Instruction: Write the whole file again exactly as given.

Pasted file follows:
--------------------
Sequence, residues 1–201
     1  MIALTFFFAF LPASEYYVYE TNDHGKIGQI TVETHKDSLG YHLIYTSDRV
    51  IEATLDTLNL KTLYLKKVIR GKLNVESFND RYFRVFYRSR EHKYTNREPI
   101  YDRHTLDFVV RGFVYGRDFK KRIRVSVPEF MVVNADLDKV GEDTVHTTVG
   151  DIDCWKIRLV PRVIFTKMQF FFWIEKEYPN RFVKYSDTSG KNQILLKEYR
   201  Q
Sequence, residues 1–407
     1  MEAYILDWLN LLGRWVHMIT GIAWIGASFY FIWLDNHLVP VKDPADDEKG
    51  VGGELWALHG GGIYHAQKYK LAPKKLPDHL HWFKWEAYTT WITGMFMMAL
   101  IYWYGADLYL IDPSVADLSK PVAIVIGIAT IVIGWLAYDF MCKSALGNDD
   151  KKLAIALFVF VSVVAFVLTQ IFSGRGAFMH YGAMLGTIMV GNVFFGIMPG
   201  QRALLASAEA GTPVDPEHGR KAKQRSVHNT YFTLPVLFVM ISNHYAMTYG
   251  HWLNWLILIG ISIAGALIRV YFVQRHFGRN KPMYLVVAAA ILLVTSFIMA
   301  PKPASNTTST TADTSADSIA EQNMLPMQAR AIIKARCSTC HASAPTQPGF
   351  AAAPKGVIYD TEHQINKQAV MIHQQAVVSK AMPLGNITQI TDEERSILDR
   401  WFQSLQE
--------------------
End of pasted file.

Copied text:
Sequence, residues 1–201
     1  MIALTFFFAF LPASEYYVYE TNDHGKIGQI TVETHKDSLG YHLIYTSDRV
    51  IEATLDTLNL KTLYLKKVIR GKLNVESFND RYFRVFYRSR EHKYTNREPI
   101  YDRHTLDFVV RGFVYGRDFK KRIRVSVPEF MVVNADLDKV GEDTVHTTVG
   151  DIDCWKIRLV PRVIFTKMQF FFWIEKEYPN RFVKYSDTSG KNQILLKEYR
   201  Q
Sequence, residues 1–407
     1  MEAYILDWLN LLGRWVHMIT GIAWIGASFY FIWLDNHLVP VKDPADDEKG
    51  VGGELWALHG GGIYHAQKYK LAPKKLPDHL HWFKWEAYTT WITGMFMMAL
   101  IYWYGADLYL IDPSVADLSK PVAIVIGIAT IVIGWLAYDF MCKSALGNDD
   151  KKLAIALFVF VSVVAFVLTQ IFSGRGAFMH YGAMLGTIMV GNVFFGIMPG
   201  QRALLASAEA GTPVDPEHGR KAKQRSVHNT YFTLPVLFVM ISNHYAMTYG
   251  HWLNWLILIG ISIAGALIRV YFVQRHFGRN KPMYLVVAAA ILLVTSFIMA
   301  PKPASNTTST TADTSADSIA EQNMLPMQAR AIIKARCSTC HASAPTQPGF
   351  AAAPKGVIYD TEHQINKQAV MIHQQAVVSK AMPLGNITQI TDEERSILDR
   401  WFQSLQE